Introduction by HE Ambassador A. Mitsialis of draft Resolution on the Return or Restitution of Cultural Property to the Countries of Origin
I am pleased to introduce also on behalf of the cosponsors draft resolution L.34, entitled “Return or restitution of cultural property to the countries of origin”, which we trust that will be unanimously endorsed by the General Assembly.
At the outset, I would like to thank the Secretary General and the Director General of UNESCO for their comprehensive report on the return or restitution of cultural property to the countries of origin. This report outlines the most significant developments that have taken place during the last years in the field of the return or restitution of cultural objects to the countries of provenance. The 40th anniversary of the 1970 Convention on the Means of Prohibiting and Preventing Illicit Import, Export and Transfer of Ownership of Cultural Property and the increasing number of countries that accede to this instrument, which now amount to 123 States Parties, the outstanding work of the Intergovernmental Committee for Promoting the Return of Cultural Property to its Countries of Origin or its Restitution in case of Illicit Appropriation, and the continuing commitment of UNESCO to the attainment of this end are only a few of the recent positive steps in the fight against illicit traffic of cultural property.
In the years since the General Assembly adopted Resolution 64/78 entitled “Return or restitution of cultural property to the countries of origin”, major developments have seen the day. The draft resolution contained in document number A/67/L.34 reflects the state of play in this field.
A major step in the effort of return or restitution of cultural property has been the convening of the second meeting of States Parties to the 1970 Convention on the Means of Prohibiting and Preventing the Illicit Import, Export and Transfer of Ownership of Cultural Property in June 2012, in Paris; the adoption of the Rules of Procedure of this Meeting contained two important decisions, namely the decision to convene every two years, granting, in this way, a necessary periodicity in the meetings, and the creation of a Subsidiary Committee, tasked to promote the purposes of the Convention. More specifically, the Subsidiary Committee will, inter alia, review national reports, and prepare and submit to the Meeting of States Parties guidelines aiming at improving the implementation of the 1970 Convention.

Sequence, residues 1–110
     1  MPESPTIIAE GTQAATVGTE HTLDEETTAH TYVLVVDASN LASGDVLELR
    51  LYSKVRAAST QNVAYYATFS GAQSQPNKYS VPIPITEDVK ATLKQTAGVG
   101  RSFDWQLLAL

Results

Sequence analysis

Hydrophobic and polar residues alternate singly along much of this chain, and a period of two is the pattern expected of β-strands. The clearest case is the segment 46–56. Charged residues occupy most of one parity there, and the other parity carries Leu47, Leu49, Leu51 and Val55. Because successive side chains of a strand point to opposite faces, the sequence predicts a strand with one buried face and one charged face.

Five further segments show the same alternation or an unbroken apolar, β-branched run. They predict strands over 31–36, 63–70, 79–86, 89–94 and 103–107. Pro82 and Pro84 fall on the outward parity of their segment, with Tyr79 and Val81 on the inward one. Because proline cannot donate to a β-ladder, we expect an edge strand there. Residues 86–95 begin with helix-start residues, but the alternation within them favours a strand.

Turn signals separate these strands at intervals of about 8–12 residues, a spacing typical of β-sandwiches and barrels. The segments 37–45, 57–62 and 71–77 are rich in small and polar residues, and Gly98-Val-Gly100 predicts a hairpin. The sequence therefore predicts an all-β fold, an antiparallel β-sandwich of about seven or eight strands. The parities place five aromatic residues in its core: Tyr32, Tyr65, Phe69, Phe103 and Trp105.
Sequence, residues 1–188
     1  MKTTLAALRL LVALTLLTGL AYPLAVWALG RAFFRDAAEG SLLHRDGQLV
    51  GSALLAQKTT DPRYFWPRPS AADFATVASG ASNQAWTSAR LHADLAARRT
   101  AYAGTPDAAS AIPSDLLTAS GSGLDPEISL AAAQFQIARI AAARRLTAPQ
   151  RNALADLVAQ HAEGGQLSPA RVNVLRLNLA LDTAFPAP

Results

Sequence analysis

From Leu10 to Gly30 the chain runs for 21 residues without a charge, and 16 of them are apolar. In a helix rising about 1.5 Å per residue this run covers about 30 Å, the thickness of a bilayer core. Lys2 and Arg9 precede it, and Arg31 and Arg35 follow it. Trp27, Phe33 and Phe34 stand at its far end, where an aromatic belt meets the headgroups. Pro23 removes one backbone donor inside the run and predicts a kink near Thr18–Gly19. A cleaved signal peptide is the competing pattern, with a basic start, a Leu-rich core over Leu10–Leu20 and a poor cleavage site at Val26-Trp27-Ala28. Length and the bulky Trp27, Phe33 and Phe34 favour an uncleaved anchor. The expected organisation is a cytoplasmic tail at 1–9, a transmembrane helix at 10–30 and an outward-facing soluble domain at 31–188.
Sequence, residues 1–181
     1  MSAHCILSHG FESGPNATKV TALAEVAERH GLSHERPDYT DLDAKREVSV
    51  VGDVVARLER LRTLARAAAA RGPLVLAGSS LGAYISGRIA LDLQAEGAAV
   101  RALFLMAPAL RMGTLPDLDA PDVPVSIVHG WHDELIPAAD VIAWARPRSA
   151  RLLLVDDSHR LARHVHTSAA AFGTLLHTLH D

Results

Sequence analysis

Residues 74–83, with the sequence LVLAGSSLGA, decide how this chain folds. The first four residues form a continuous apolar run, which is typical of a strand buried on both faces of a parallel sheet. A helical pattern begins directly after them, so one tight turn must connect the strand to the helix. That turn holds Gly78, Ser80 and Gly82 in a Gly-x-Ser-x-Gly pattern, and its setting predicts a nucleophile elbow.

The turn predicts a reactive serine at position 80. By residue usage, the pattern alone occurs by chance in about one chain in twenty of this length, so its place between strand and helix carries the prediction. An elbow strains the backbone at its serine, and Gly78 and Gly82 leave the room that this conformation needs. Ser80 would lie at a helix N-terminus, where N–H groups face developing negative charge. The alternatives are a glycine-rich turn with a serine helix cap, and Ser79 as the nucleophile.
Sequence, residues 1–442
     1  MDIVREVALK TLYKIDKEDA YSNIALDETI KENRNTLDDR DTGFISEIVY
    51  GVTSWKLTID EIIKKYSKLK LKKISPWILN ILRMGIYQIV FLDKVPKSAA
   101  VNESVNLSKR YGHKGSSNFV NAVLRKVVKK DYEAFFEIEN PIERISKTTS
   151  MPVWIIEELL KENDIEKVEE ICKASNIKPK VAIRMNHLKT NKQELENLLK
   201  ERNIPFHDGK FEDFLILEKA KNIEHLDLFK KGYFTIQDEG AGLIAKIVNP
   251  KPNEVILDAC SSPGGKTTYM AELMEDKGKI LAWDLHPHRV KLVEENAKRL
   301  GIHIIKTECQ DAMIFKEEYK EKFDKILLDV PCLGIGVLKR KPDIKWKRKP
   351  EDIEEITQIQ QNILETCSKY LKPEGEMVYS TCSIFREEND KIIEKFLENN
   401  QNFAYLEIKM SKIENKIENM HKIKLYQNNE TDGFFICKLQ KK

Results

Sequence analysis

Despite concerted international efforts to tackle the problem, illicit traffic of cultural property continues to pose a serious threat to cultural heritage of States. This threat is higher in situations of crisis and conflict, when cultural objects are often smuggled outside their countries of origin. The draft resolution under consideration today condemns recent attacks to World Cultural Heritage Sites and calls for an immediate end to such acts, by reminding States Parties to the Convention for the protection of cultural property in the event of armed conflict, of their obligations contained therein.
Awareness raising and capacity building are critical for the success of the efforts undertaken in the context of return or restitution of cultural property to the countries of origin. As it is highlighted in the draft Resolution, UNESCO, along with INTEPOL, UNIDROIT and other major stakeholders, continues to drive a systematic campaign to increase the visibility of the available tools and organize joint action for the effective protection of cultural heritage. Furthermore, the draft resolution welcomes the presentation of Model Legislative Provisions on Undiscovered Cultural Objects which is another important step towards combating the phenomenon of illegal excavations and ensuring the property of unearthed archeological objects. Moreover, interaction with the international art market in view of improving practices in various areas of expertise such as provenance, investigation, ethics and procedures of restitution proves to be of paramount importance.
Recent restitution cases, either in the framework of the 1970 Convention or under the aegis of the Intergovernmental Committee, show that fostering international cooperation lies in the heart of the solution. The restitution of 21.000 coins, jewels and other artifacts from Canada to Bulgaria, that have been illicitly imported to Canada and seized by the Canadian Police, and the restitution of the Bogazkoy Sphinx to Turkey, to mention only two cases, are clear examples of successful use of available tools, whether legal instruments or bilateral agreements.
Cultural heritage is the mirror of a country’s history, thus lying within the very core of its existence, since it represents, not only specific values and traditions, but also a unique way a people perceives the world. Whether it is a Makondé Mask, an Etruscan vase or a Parthenon frieze, they all are a testimony of a nation’s path into time. But in order for them to continue to serve their artistic, aesthetic and social raison d’être, they must be protected against illicit acts and use and, in such cases, to be restored and returned in their natural environment, outside of which they can no longer inspire the collective conscience of humanity. This is precisely the reason for which the objectives of this resolution should leave no State indifferent.
Thank you, Mr. President.